Self-assessment of executive function and lateralization of brain pathology: What does the DEX-S profile show?
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Zakład Psychologii Klinicznej i Neuropsychologii Uniwersytetu Marii Curie-Skłodowskiej
Wojewódzki Szpital Specjalistyczny, Biała Podlaska
Submission date: 2016-12-22
Final revision date: 2017-10-18
Acceptance date: 2018-02-28
Online publication date: 2019-02-28
Publication date: 2019-02-28
Corresponding author
Ewa Małgorzata Szepietowska   

UMCS, Instytut Psychologii, Plac Litewski 5, 20-080 Lublin, Polska
Psychiatr Pol 2019;53(1):129-143
The DEX-S Questionnaire is a tool often used in the self-report of executive difficulties. Numerous data demonstrate that the result of the DEX-S do not differentiate between healthy and clinical groups or people with different characteristics of brain pathology. Limited research taking into account lateralization of damage also did not provide the conclusive data. There were no relationships between the DEX-S result and the results of tasks evaluating cognitive function, including executive functions. There is an ongoing discussion on the clinical and ecological value of the DEX-S. In the face of inconclusive data, the own study was undertaken. The objective was: (1) to compare the overall result and the DEX-S profile of healthy people and people with brain pathology including the lateralization of brain pathology; and (2) determining the relationships between the result of the DEX-S and the level of selected cognitive competences. 115 people were enrolled in the study, including people without brain pathology (C; N = 74), people with damage to the left hemisphere (LH; N = 6), people with damage to the right hemisphere (RH, N = 12) and people with damage to both hemispheres (BH, N = 23).

In the research the DEX-S, WAIS subtests: Vocabulary, Digit span forward and backwards, the MoCA test and the Affect Scale from the ProCog Questionnaire were applied.

The DEX-S overall result did not differentiate the groups. However, the RH and BH groups obtained the highest average scores and the LP group – the lowest. There were intergroup differences in the results of only a few DEX-S items. Patients with right and both hemispheres pathology reported a significantly higher level of difficulties in attention, greater susceptibility to distractors, deficits in planning, sequential operation and problem solving. The RH group performed poorer in tasks involving cognitive functions in comparison to other patients. All clinical groups differed from healthy persons in terms of results of tests/tasks evaluating selected cognitive functions. There were positive correlations between the DEX-S score and sense of anxiety, no association with age, and incidental correlations with the results of cognitive tasks in each research group.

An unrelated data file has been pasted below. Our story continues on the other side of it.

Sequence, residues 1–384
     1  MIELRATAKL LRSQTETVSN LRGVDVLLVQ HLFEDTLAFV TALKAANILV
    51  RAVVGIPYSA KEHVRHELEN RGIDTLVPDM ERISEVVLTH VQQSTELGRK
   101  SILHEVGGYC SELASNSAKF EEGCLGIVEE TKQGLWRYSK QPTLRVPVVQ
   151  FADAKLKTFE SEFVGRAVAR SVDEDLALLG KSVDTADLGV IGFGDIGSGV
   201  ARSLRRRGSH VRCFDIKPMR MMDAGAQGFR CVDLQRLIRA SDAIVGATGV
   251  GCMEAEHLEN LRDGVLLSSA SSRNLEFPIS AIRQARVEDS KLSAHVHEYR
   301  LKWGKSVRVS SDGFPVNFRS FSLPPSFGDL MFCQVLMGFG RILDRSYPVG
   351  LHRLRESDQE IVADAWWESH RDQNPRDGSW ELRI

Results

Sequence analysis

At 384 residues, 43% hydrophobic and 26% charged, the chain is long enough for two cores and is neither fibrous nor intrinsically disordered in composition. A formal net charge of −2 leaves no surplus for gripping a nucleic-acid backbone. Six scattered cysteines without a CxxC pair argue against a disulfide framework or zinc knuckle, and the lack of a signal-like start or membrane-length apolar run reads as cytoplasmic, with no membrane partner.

The results suggest that mechanisms of sense of executive deficits depend on lateralization of pathology. The higher sense of executive deficits in people with right hemisphere pathology may be due to the efficiency of delayed memory, and may reflect an adequate self-assessment of own competence. The low DEX-S result of the group with the left hemisphere pathology may result from reduced, despite the absence of aphasia, language /semantic skills and not from the lack of insight into executive deficits.

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